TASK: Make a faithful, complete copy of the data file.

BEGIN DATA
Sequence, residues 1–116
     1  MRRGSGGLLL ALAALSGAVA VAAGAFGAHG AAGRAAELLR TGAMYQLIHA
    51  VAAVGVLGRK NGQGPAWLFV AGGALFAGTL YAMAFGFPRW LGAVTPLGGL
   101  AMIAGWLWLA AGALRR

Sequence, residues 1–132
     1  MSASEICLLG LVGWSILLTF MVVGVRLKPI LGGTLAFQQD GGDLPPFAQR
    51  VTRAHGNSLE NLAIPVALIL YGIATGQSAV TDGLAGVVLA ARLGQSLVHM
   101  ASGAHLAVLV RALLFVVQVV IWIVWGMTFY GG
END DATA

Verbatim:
Sequence, residues 1–116
     1  MRRGSGGLLL ALAALSGAVA VAAGAFGAHG AAGRAAELLR TGAMYQLIHA
    51  VAAVGVLGRK NGQGPAWLFV AGGALFAGTL YAMAFGFPRW LGAVTPLGGL
   101  AMIAGWLWLA AGALRR

Sequence, residues 1–132
     1  MSASEICLLG LVGWSILLTF MVVGVRLKPI LGGTLAFQQD GGDLPPFAQR
    51  VTRAHGNSLE NLAIPVALIL YGIATGQSAV TDGLAGVVLA ARLGQSLVHM
   101  ASGAHLAVLV RALLFVVQVV IWIVWGMTFY GG